What is the best way to see the Milky Way? (Intermediate)

My advice for the best view of the Milky Way is to go to the Southern Hemisphere. There the central parts of the Milky Way can be directly overhead, and it can really look like a galaxy. So if you are planning a trip down there any time soon, find some time in your schedule to go to a dark site well away from any city lights. It's worth the trip—as a bonus you can also see the Magellanic clouds (the nearest galaxies to the Milky Way).

If you're stuck in the Northern Hemisphere where we see mostly the outer parts of the Milky Way (the center always stays very close to the horizon) you need to find a really dark site, and it also needs to be quite clear. Even small amounts of clouds, through which you can see many bright stars, will hide the Milky Way. Also make sure that your eyes are well adjusted to the dark (stay outside in the dark for a while).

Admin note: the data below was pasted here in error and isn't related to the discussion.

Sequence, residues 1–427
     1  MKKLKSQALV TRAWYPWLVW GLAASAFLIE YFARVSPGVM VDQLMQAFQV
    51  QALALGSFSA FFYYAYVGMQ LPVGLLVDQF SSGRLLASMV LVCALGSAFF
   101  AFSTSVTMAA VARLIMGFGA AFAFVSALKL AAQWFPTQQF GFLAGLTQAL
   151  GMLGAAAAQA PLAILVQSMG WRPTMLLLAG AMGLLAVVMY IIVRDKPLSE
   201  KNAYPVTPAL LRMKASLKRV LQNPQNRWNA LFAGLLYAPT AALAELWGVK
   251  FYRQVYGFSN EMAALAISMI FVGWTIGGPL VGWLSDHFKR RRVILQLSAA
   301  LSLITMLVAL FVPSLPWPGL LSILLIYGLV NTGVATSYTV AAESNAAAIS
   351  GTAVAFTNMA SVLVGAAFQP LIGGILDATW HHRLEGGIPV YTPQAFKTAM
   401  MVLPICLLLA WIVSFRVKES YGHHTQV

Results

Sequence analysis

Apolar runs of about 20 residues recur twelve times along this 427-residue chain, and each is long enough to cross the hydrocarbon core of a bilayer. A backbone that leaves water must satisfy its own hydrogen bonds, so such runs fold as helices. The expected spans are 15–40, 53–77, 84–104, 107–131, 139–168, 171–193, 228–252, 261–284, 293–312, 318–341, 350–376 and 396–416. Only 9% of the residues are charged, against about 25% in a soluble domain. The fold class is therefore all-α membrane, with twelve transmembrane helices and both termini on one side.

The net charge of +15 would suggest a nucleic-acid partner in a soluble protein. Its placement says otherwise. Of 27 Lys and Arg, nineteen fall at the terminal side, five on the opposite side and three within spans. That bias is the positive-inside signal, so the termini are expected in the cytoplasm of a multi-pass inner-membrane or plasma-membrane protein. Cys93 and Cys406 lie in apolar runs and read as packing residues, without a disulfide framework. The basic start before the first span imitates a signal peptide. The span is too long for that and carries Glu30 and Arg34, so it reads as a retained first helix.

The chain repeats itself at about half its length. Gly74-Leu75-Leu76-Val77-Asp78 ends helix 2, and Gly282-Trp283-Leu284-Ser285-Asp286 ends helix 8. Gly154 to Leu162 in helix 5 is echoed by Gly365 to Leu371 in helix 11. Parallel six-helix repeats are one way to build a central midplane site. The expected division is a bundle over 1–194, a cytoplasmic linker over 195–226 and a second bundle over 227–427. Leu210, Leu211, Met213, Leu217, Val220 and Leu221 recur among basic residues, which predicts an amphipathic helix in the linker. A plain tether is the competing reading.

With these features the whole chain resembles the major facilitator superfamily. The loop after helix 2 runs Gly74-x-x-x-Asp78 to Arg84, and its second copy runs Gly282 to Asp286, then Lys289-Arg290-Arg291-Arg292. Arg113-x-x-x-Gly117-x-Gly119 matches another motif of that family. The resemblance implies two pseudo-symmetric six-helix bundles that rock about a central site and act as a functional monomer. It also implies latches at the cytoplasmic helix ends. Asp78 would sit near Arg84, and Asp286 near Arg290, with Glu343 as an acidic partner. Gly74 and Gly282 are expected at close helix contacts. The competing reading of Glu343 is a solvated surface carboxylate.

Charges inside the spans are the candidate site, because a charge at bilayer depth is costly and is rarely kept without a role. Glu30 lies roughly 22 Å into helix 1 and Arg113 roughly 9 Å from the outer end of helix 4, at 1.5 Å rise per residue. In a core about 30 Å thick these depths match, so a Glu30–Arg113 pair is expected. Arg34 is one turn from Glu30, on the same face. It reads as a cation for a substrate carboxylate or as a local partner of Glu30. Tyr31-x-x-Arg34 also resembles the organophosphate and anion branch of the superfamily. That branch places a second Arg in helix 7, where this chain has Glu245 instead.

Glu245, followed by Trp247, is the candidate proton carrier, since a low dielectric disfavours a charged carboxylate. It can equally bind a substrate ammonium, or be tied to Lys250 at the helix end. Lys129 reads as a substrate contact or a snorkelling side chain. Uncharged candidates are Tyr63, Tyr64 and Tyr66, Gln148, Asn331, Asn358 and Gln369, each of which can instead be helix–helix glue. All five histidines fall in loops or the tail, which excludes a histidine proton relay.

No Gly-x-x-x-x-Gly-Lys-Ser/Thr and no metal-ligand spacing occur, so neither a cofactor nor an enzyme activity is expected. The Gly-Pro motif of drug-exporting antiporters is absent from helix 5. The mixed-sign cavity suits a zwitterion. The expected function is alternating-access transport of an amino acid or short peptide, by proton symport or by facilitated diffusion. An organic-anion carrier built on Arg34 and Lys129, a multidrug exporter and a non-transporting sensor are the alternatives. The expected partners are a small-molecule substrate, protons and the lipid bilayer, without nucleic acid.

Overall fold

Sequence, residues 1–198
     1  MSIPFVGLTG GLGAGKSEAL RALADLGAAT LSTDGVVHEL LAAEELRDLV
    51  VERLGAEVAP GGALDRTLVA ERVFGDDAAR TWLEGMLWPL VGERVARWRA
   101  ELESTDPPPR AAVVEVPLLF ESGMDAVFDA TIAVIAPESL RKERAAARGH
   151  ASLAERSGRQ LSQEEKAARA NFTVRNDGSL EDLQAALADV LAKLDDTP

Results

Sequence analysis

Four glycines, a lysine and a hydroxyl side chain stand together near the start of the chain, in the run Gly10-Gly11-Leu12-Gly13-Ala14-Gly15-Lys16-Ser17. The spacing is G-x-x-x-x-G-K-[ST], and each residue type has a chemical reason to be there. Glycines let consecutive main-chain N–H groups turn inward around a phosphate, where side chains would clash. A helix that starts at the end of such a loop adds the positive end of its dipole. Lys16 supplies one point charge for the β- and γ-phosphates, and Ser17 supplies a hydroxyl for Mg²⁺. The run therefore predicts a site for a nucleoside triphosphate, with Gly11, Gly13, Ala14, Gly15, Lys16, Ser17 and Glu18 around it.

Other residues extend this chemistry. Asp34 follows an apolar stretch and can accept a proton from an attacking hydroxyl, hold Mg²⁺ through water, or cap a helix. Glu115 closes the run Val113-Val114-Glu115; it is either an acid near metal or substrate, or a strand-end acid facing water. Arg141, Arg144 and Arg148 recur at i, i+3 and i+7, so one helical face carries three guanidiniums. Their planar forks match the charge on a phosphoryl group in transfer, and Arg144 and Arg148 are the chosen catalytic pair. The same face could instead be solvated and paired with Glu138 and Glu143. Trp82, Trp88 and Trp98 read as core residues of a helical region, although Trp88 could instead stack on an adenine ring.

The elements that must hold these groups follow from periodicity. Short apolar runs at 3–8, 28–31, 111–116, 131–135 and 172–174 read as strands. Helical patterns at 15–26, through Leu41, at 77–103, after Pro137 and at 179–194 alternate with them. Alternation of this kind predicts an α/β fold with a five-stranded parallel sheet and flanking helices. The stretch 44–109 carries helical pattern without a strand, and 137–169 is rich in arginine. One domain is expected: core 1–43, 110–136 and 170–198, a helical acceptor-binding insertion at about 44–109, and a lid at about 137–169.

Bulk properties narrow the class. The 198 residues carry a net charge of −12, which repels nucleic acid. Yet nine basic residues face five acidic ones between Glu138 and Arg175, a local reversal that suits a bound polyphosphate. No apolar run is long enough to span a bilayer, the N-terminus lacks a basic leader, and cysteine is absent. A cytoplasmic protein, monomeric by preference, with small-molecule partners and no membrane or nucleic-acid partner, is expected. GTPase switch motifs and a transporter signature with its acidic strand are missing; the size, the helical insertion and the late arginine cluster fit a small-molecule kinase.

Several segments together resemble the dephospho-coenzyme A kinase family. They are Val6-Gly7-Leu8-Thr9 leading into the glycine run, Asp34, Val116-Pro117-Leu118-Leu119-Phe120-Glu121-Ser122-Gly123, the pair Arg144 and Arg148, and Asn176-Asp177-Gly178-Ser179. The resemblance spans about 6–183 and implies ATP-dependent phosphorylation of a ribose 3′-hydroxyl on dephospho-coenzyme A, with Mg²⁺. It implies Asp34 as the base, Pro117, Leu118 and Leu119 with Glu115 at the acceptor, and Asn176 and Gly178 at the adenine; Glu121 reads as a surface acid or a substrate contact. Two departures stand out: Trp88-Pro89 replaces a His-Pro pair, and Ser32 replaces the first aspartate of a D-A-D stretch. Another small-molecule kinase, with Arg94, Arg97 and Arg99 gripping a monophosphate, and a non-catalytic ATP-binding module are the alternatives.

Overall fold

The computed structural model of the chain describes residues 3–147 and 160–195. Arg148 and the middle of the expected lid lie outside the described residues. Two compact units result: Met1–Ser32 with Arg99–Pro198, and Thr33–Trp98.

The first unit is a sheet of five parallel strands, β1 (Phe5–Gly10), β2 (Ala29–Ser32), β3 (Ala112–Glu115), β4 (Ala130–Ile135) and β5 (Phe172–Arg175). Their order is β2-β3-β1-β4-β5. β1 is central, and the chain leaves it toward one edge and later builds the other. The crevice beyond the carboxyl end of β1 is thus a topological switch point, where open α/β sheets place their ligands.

You can use something like Heaven's Above to figure out what time to best see the Milky Way. In the Northern Hemisphere it runs through Cygnus, Cassiopia, and the center is in Sagittarius.

This page was last updated June 27, 2015.

About the Author

Karen Masters

Karen Masters

Karen was a graduate student at Cornell from 2000-2005. She went on to work as a researcher in galaxy redshift surveys at Harvard University, and is now on the Faculty at the University of Portsmouth back in her home country of the UK. Her research lately has focused on using the morphology of galaxies to give clues to their formation and evolution. She is the Project Scientist for the Galaxy Zoo project.

Twitter:  @KarenLMasters
Website:  http://icg.port.ac.uk/~mastersk/

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